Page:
Section 210 of the Congressional Accountability
Act (CAA) protects qualified individuals with disabilities from
discrimination with regard to access to public services, programs,
activities, or places of public accommodation in covered locations
and offices. These protections extend to all members of the public.
Offices of the Senate and the House of Representatives,
joint committees of Congress, the Capitol Police, the Congressional
Budget Office, Office of the Architect of the Capitol, the Office
of the Attending Physician, the Office of Compliance, and the
Capitol Guides Service all must comply with Section 210's requirements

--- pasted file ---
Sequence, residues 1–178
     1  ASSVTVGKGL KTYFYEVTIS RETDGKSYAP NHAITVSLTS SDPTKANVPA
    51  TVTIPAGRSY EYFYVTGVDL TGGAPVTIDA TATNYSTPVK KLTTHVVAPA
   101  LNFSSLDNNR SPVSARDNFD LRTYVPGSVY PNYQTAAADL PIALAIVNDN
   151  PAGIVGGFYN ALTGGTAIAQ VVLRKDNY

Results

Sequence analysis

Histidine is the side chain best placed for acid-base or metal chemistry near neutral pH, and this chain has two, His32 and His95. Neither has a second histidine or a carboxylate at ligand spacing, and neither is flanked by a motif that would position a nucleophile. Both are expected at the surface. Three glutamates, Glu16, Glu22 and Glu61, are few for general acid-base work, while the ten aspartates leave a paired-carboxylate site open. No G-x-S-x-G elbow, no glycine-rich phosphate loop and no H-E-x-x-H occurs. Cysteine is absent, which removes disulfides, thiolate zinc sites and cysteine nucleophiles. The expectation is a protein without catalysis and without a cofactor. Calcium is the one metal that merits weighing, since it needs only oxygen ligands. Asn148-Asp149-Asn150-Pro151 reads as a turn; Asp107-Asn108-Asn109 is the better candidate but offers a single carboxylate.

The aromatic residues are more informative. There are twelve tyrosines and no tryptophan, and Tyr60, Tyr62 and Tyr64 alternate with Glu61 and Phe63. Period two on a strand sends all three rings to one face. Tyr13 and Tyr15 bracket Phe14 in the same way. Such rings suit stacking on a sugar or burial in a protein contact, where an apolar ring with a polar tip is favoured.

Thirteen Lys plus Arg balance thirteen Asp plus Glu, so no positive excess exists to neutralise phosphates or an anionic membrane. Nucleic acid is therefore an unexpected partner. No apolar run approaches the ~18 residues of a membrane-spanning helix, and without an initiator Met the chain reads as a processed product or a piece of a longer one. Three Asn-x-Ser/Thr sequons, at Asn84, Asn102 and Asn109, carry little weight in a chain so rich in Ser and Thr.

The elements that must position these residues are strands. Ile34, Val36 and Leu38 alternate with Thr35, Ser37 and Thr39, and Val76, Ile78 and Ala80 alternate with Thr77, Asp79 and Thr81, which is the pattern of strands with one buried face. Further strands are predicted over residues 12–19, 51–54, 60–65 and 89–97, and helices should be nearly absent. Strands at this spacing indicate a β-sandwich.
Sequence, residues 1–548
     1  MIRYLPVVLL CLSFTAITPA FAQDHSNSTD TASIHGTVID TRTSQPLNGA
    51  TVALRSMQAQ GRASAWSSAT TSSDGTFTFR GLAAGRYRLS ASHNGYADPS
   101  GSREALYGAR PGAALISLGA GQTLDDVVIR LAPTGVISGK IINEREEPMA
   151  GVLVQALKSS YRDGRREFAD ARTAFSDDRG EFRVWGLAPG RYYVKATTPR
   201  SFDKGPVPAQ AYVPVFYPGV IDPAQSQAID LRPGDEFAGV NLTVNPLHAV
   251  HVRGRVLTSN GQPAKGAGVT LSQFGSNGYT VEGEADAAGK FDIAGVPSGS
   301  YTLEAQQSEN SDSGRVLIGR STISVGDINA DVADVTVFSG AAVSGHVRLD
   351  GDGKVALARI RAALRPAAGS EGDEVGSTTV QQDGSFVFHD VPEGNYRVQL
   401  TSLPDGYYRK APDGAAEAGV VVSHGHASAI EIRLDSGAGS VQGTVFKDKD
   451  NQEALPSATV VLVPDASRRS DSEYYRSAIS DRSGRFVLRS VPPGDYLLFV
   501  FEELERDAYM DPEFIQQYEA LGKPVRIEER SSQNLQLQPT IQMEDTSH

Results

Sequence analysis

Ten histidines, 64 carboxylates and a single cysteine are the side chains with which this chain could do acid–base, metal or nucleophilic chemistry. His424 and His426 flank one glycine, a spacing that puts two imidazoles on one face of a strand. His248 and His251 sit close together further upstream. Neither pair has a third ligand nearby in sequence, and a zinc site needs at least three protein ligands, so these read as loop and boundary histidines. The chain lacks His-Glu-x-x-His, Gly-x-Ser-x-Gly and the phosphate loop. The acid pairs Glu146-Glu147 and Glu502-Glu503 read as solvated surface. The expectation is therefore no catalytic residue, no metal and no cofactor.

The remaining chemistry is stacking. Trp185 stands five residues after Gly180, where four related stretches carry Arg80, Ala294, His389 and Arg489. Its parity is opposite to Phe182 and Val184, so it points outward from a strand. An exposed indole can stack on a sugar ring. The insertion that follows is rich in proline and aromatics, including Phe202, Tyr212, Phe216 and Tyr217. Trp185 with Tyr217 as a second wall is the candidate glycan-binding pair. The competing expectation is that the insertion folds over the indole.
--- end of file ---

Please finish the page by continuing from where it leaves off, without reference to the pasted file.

in their dealings with the public.
Individuals who feel their rights under this
provision have been violated can file
a charge of discrimination with the General Counsel of the Office
of Compliance. This charge must be filed within 180 days of the
alleged discrimination. After a charge is filed, the General Counsel
will conduct an investigation. If the investigation reveals that
a violation has occurred, the General Counsel may either request
mediation to resolve
the dispute or file a formal complaint with the Office of Compliance.
At least once each Congress, the General Counsel
is required to inspect and report
to Congress on the compliance of Legislative Branch facilities and
programs with disability access and accommodations requirements.